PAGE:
Friday, November 30

I'm already late for the picnic thing, I'm doing the live update thing for new viruses, and I'm running water for my bath and checking my closet for clothes I can actually wear. Ah yes, the joys of multi-tasking.

Thursday, November 29

Fried the brilliant moron asks whether teachers should be held accountable for the subsequent dim-wittedness of their students:
“I think it is the responsibility of teachers, and other educators, to evaluate students based on intelligence and competency rather than on regurgitation of textbook mumbo-jumbo. Scientists have taught monkeys, and dolphins, to remember things like sounds, shapes, and words. I think humans, even young ones, should be held to a standard a tad higher.”
True, there is a lot to be said for this country’s state of education as well. It’s not so much as a dumbing down, but perhaps a tendency to be more lax, to allow witticisms and the ability to bluff pass as I sign of intelligence. We only need to look at the kind of game show contestants crowding our television sets. You can be sure that each of those contestants had been in school at one point in their lives, and most of them with college degrees. But given questions that require, in the very least, knowledge of trivia and common sense, they all seem to be newly lobotomized.

It can be argued that game shows flourish for fun and the possibility of earning a quick buck, and I don’t think such questions as “discuss and differentiate the quantity theory of insanity as culled from the text of Will Self and Hedda Gabbler” would figure in prime time television. We may complain and wrinkle our noses at all the game shows, the extra sudsy soap operas, dubbed or otherwise, and proclaim all of these as unspeakably jologs. It is. They are made that way because the target market is specifically and undeniably masa.

Jologs is not an invention or a byword but a demographic: It is the product of research, the countless studies and focus group discussions involving that specific audience. No matter how baduy we may think those shows are, as long as a large number of people watch them with zest, and discuss the plot points on the jeepney or in the MRT, their existence will be assured. The advertisers will continue to sell their products to us in between the gaps, just when you’re on the edge of your seat waiting to see who gets voted out, slapped or raised from the dead.

Elsewhere in jologs land: Mark plays with his Jolina dolls and provides us a backstage view of a formerly leather clad Kris Aquino.
200 inmates were evacuated from a fire that broke out in the maximum security zone of the National Bilibid Prisons in Muntinlupa. The cause of the blaze is unknown, although it is suspected that an illegal wiring set up by one of the inmates could have caused it. The affected building holds those serving life terms or those awaiting execution. Police Superintendent Tesoro dismissed reports of the being part of an escape plan: "We did a headcount and all of them are accounted for."

Haven’t these guys ever watched a prison movie?
The UP Film Center held a three day Nida Blanca Retrospective which started Monday, 26 November. The featured films showcases Nida Blanca's best performances in over five decades of acting: Nonoy Catindig's Walang Sisihan (1962), a Nida-Nestor comedy; Miguelito, Ang Batang Rebelde (1985), Eddie Garcia's Magdusa Ka (1986), Maryo J. Delos Reyes's Saan Darating ang Umaga (1983).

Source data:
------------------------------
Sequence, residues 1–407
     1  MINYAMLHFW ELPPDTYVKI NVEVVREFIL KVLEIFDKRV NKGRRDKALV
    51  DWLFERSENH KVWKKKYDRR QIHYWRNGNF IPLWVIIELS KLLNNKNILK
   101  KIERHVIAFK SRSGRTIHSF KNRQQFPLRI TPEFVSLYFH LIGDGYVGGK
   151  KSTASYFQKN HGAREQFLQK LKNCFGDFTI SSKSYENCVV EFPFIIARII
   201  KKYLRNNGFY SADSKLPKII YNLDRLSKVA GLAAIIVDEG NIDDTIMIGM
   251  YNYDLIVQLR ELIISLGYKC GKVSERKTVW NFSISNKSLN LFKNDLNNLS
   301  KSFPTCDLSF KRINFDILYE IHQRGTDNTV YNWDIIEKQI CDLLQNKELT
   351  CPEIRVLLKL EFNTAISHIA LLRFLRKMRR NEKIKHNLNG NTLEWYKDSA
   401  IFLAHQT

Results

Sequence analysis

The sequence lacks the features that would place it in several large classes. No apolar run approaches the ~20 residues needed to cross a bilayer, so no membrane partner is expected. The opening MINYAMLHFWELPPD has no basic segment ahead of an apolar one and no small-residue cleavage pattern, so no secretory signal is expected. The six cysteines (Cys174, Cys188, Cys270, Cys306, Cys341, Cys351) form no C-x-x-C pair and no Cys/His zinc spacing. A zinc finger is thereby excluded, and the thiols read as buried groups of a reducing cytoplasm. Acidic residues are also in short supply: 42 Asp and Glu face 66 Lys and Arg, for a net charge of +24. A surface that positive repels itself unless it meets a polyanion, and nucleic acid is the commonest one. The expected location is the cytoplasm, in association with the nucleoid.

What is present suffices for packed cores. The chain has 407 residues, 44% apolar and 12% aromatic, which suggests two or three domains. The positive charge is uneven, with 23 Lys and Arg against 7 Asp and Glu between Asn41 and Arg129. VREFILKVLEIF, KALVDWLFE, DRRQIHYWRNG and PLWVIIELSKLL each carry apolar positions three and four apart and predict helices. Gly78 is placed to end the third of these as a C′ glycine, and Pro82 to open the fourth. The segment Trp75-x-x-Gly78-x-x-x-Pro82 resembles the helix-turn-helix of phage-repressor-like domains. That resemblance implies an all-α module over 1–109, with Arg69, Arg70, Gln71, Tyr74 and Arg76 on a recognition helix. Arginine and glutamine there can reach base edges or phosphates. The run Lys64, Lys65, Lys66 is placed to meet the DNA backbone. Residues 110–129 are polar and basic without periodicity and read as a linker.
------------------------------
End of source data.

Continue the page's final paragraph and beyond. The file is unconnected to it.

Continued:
I caught this evening's screening of Sana Pag-ibig Na (1998), directed by Jeffrey Jeturian from a script by Armando Lao. Sana Pag-ibig Na examines the emotional turbulence that rocks a university professor's family when his infidelity is discovered after his death. Whose loyalty should you choose? Who is the better woman -- your mother or your father's mistress? The professor's wife, their son, and the mistress shift allegiances and learn to live with the harsh situation thrust upon them.

Given that the situation is staple melodrama, the actors turn out very fine and understated performances. Nida Blanca's wronged wife is pitiful, angry, mean and then finally at peace with herself. Gerald Madrid manages to convey the confusion and anger he initially felt at his father's betrayal, and then later the guilt for having befriended his father's other woman. And Angel Aquino is surprisingly non-hysterical in a role that could have ended up in complete shout- and slapfests.

Sana Pag-ibig Na was produced on a shoestring budget as part of the pito-pito movie trend from the late 90s. Although critically acclaimed, the movie never really found its audience. It is therefore a bit sad that the theater was only half full, which could be expected since the university has only a handful of classes on Wednesdays.

Wednesday, November 28

Dubya is watching you: A Durham Tech freshman gets a rap from the Secret Service for alleged "anti-American" paraphernalia in her room. What? Dubya-as-hangman posters aren't allowed in dorm rooms anymore? Via Boing boing.
I was in the Music Museum last night for New Voice Company’s re-staging of The Vagina Monologues when a friend informed me that the Republic of Malate got burned. Both the Music Museum and Roma are owned by singer Kuh Ledesma. In 1992, the Music Museum burned down. It's as though Ms. Ledesma's business motto is burn down the house instead of break a leg.

Monday, November 26

"Ideolohiya! Ideolohiya! Nakakain ba ang ideolohiya?"

I think I had that for breakfast somewhere and spit it out. But I'm not too sure. Let's not discuss this so early in the morning.

Sunday, November 25

Dropped by the blog's guestbook. It's good to know that people out there are actually reading this. Aside from the stalker, of course. If you have any violent reactions, you can leave me a message on the guestbook or send me email. If it still doesn't work, you can resort to mental telepathy.
Hell, I'm all for justice, freedom, and liberty for all. That's what democracy is all about, and I'd rather have all the weird stuff that happens in this country than live in fear of getting dragged out of my house and never be seen ever again. But I'm not going to set myself on fire.
Heard on this afternoon's Twisted on Sunday: The government of East Timor invited U2 to perform at their Independence Day celebrations next May. Whoa. Hm. I wonder if we can have Michael Stipe and the rest of REM for Labor Day or something?